Horlin also forbade any use of a blueprint or even carrying paper by the men. The most contributing factor to the lay of Horlin Maze being kept secret, though, was the stone mason’s covenant of secrecy. Coupling this with disinterest due to Carthin’s crumbling empire and war ravaged lands in the following century, the maze became a forgotten novelty left to looters and vagabonds. Concerns over how to defeat it went the way of the nation itself; forgotten.
Ghost stories surfaced, as they always do concerning dormant places. Tales of a phantom Van Horlin chasing the frightened apparition of King Balla through the corridors of the maze was a fireside favorite. Accounts of people never returning after entering the maze, some true but with rational explanations, fueled the fires of mysterious legend. The maze became a fear to children, a dare and a lark to teenagers, and a pain to adults; especially if they had children or teenagers. Little was done with the maze aside from trying to keep people out of it.
In the twenty-fifth century, the Bearmen of the Calamoot Mountains took stewardship of Horlin Maze and vigorously reclaimed it from its dilapidated state. It became the initial proving ground for young hopefuls that wished to become bearhunters; sovereign protectors of life and liberty.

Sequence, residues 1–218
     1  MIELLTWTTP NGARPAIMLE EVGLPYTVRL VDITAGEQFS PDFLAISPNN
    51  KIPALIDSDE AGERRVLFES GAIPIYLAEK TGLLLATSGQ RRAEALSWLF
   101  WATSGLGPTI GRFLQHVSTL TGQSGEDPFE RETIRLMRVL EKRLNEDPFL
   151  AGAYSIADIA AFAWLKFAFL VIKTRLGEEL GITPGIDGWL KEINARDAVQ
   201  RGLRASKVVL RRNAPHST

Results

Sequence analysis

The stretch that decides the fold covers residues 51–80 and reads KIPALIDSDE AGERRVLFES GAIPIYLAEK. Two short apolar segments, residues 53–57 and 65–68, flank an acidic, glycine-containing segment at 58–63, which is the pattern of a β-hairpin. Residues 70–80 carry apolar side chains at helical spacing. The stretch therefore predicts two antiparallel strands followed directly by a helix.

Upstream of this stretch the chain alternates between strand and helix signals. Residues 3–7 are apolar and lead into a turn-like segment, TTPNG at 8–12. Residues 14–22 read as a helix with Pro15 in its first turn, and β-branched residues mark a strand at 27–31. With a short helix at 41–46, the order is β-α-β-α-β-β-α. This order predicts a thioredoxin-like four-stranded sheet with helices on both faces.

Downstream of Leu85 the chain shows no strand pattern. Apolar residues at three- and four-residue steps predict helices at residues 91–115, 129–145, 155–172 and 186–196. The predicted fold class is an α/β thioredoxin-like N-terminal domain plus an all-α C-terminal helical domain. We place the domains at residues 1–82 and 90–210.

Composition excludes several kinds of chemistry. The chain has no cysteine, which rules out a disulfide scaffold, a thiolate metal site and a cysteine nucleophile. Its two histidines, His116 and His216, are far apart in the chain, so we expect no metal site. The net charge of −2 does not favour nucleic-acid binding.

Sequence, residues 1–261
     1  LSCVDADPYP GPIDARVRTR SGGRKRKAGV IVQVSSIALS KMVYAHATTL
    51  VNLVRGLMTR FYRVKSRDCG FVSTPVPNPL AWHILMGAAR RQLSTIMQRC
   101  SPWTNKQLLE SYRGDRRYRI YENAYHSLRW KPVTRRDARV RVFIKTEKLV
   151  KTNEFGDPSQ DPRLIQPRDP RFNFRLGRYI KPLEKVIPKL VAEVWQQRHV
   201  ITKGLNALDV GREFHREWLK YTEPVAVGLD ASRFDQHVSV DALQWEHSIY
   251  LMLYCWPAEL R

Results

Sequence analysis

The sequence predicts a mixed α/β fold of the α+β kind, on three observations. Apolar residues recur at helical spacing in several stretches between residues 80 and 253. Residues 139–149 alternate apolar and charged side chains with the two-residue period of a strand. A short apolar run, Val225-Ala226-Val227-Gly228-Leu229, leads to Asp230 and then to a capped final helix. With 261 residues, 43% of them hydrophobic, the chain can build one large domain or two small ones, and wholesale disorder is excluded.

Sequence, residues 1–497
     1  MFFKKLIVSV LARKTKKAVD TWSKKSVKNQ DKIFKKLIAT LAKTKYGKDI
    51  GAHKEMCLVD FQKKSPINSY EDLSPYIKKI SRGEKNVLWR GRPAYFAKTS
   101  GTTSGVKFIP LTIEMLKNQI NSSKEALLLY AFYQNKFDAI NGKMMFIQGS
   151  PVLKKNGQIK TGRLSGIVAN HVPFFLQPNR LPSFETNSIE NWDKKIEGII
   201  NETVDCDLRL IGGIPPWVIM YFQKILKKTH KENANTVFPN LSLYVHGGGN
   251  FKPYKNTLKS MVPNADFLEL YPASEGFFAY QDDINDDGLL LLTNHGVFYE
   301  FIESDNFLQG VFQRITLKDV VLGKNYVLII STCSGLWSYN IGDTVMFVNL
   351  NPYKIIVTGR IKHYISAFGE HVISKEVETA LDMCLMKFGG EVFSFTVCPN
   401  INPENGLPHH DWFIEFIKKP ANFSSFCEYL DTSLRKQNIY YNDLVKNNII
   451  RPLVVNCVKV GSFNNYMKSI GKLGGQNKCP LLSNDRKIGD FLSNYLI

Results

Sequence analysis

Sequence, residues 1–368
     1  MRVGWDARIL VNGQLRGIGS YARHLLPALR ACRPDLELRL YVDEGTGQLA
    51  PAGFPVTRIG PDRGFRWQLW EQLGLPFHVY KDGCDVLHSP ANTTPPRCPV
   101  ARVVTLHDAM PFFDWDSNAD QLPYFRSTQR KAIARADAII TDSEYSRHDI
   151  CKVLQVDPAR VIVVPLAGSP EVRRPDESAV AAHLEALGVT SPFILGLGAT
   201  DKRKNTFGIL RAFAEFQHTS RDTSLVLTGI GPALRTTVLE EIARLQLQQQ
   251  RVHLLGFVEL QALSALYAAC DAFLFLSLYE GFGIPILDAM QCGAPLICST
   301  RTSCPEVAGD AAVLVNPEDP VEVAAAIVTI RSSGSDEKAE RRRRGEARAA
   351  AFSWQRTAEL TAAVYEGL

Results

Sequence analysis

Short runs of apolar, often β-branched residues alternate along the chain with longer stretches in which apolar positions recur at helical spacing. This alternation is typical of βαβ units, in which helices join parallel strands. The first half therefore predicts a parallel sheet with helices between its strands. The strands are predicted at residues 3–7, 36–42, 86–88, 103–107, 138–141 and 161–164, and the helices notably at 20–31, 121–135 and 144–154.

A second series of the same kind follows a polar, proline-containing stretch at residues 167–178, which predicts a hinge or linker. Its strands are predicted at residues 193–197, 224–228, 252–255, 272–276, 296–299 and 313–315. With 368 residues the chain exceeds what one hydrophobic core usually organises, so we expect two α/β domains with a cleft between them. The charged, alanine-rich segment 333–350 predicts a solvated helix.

The Gardens

Garden of the Green Eye(Hulland)-Guardian: Sword Bearer
Garden of the Sun-Guardian: Light Bearer
Garden of the Moon-Guardian: Wolf
Fire Garden (Mercury)-Guardian: Firebrand
Garden of Beauty (Venus)-Guardian: Cup Bearer
Wrath Garden(Mars)-Guardian: Wrath Bearer
Garden of Ages (Jupiter)-Guardian: Behemoth
Garden of Gold (Saturn)-Guardian: Ring Bearer
Garden of Thorn (Uranus)-Guardian: Spear Bearer
Garden of Water Garden (Neptune)-Guardian: Water Bearer
Shadow (Pluto)-Guardian: Shadow

Points of Interest

The Cradle of Birth-The entrance to Horlin Maze (located at the bottom of the diagram)

The Paths (chosen from The Cradle of Birth)
Two paths lead to frivolity: Avoidance and Apathy
Two paths lead to the just glory of enlightenment: Benevolence and Wisdom
Two paths lead to pursuits of greed: Power and Material
Four paths lead to death: Illness, Injury, Deterioration and Choice

Death’s Door
The final exit (located at the top of the diagram)

There are a total of eleven gardens, each watched over by a guardian entity (represented by an effigy) that is in some way connected to the theme of its garden.
The area near the bottom of the maze (divided from the larger part by a thick wall) is known as Childhood. Bearmen children are not allowed beyond this section until they have reach the age of eleven, or are testing to become bearhunters.